How to Join Multiple Lines into One in a File in Linux

In today’s tutorial on Linux file management, we will be looking at valid approaches to joining multiple lines within a file into a single line. By the end of this article, you will have added some computing milestones to your Linux file management experience.

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The possibilities/opportunities for users exploiting the Linux operating system via the command line interface continue to be endless. One such possibility is manipulating a multi-line file into a single-line file via a series of Linux commands. The goal for merging such lines can be as simple as the need to add custom delimiters to the targeted file.

Problem Statement

Since this tutorial will be focusing on merging multiple lines to a single line on a targeted file, we need to create such kind of file for reference purposes and populate it with some multi-line data.

$ sudo nano sample_file.txt
Create File in Linux
Create File in Linux

As per the screen capture above, we are dealing with a file (sample_file.txt) with six lines, and there are three approaches to joining these six lines:

  1. Without delimiters: I GenuinelyLoveLinuxShellTipsTutorials!
  2. With a single character delimiter: I Genuinely,Love,Linux.Shell,Tips,Tutorials!
  3. With multiple characters delimiters: I Genuinely;Love;Linux;Shell;Tips;Tutorials!

How to Join Multiple Lines into One Single Line in File

Let’s take a look at these three approaches to joining multiple lines within a file into a single line in Linux.

1. Using the sed Command

The power of the sed text-processing command-line utility will enable us to join the six lines in our sample text file by addressing the above three discussed approaches in reference to almost the same code syntax.

Without Delimiters:

$ sed ':a; N; $!ba; s/\n//g' sample_file.txt  

With Spacing:

$ sed ':a; N; $!ba; s/\n/ /g' sample_file.txt 

With a Single Character Delimiter e.g. a comma:

$ sed ':a; N; $!ba; s/\n/,/g' sample_file.txt 

With Multiple Characters Delimiter e.g. semicolon and white space:

$ sed ':a; N; $!ba; s/\n/; /g' sample_file.txt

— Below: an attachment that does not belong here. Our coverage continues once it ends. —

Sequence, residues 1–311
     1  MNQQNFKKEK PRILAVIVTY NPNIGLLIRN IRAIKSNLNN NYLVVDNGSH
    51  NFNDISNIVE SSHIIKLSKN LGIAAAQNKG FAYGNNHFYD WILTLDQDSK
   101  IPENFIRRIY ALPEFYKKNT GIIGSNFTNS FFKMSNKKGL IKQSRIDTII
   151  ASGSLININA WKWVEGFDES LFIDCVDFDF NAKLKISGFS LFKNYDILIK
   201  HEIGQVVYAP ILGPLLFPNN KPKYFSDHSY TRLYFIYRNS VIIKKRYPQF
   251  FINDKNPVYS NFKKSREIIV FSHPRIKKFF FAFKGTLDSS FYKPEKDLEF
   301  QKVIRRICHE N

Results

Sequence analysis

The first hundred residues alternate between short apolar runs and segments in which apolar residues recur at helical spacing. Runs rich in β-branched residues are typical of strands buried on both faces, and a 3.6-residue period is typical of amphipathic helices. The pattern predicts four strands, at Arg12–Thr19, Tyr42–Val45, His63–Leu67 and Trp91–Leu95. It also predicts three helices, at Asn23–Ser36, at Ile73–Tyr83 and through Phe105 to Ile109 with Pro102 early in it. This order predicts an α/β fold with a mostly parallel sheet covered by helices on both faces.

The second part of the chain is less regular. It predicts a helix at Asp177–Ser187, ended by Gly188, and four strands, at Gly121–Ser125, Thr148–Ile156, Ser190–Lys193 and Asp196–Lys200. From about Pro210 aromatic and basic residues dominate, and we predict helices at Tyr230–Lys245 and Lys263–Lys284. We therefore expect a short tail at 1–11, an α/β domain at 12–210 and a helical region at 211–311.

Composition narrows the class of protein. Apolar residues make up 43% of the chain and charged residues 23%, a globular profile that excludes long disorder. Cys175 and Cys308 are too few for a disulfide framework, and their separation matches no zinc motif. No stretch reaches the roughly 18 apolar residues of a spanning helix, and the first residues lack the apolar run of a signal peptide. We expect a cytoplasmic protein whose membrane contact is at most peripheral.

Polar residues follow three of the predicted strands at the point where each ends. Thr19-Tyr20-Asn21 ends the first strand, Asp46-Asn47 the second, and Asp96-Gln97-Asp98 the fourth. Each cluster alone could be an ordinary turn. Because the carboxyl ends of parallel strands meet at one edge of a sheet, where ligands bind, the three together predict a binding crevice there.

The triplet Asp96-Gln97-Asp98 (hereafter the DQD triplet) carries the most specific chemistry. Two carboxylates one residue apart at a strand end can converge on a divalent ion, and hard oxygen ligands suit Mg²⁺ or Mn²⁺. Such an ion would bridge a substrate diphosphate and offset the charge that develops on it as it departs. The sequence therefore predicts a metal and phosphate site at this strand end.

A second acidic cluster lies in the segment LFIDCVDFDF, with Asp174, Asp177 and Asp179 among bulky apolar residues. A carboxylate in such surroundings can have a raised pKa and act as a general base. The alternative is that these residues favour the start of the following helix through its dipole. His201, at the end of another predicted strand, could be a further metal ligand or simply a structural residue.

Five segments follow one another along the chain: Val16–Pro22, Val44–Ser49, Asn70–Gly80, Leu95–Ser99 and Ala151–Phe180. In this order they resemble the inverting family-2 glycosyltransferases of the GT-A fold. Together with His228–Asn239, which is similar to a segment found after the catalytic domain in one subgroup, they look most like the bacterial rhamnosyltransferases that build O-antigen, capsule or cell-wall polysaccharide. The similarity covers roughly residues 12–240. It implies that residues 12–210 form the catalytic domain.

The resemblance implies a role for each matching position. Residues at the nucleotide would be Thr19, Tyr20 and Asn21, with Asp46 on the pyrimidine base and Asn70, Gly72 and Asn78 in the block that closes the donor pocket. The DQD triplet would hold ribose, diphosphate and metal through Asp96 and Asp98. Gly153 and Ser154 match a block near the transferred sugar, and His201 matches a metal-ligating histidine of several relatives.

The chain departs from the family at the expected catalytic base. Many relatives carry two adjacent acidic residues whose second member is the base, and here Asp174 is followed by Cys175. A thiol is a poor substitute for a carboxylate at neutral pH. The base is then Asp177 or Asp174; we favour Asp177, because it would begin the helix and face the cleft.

Join Multiple Lines into One Line
Join Multiple Lines into One Line

2. Using the awk Command

The Linux awk command is another reputable text-processing command-line tool. Its approach to solving our multi-line to the single-line problem can be analyzed and implemented in the following manner:

Without Delimiters:

$ awk -v d="" '{s=(NR==1?s:s d)$0}END{print s}' sample_file.txt

With Spacing:

$ awk -v d=" " '{s=(NR==1?s:s d)$0}END{print s}' sample_file.txt

With a Single Character Delimiter e.g. a comma:

$ awk -v d="," '{s=(NR==1?s:s d)$0}END{print s}' sample_file.txt

With Multiple Characters Delimiter e.g. semicolon and white space:

$ awk -v d="; " '{s=(NR==1?s:s d)$0}END{print s}' sample_file.txt
Join Multiple Lines Using Awk Command
Join Multiple Lines Using Awk Command

3. Using the paste Command

The paste command is only ideal for joining multiple lines without delimiters, with spacing, and with a single character delimiter. This utility resides under the GNU Coreutils package hence its availability on all Linux OS distributions.

Without Delimiters:

$ paste -sd '' sample_file.txt

With Spacing:

$ paste -sd ' ' sample_file.txt

With a Single Character Delimiter e.g. an underscore:

$ paste -sd '_' sample_file.txt

The trailing underscore (_) can be removed by piping the paste command to a sed command:

$ paste -sd '_' sample_file.txt | sed 's/_$/\n/'

This approach is not ideal with multiple characters delimiter e.g a semicolon and a white space because of irregular outputs like the following:

$ paste -sd '; ' sample_file.txt
Join Multiple Lines Using Paste Command
Join Multiple Lines Using Paste Command

4. Using the tr Command

The tr command is also ideal for joining multiple lines without delimiters, with spacing, and with a single character delimiter.

Without Delimiters:

$ tr -d '\n' < sample_file.txt

With Spacing:

$ tr '\n' ' ' < sample_file.txt

With a Single Character Delimiter e.g. a comma:

$ tr '\n' ',' < sample_file.txt	

Pipe the output to a sed command to get rid of the extra commas.

$ tr '\n' ',' < sample_file.txt | sed 's/,,$/\n/'
Join Multiple Lines Using tr Command
Join Multiple Lines Using tr Command

We have successfully learned how to join multiple lines into one single line in a file in Linux.

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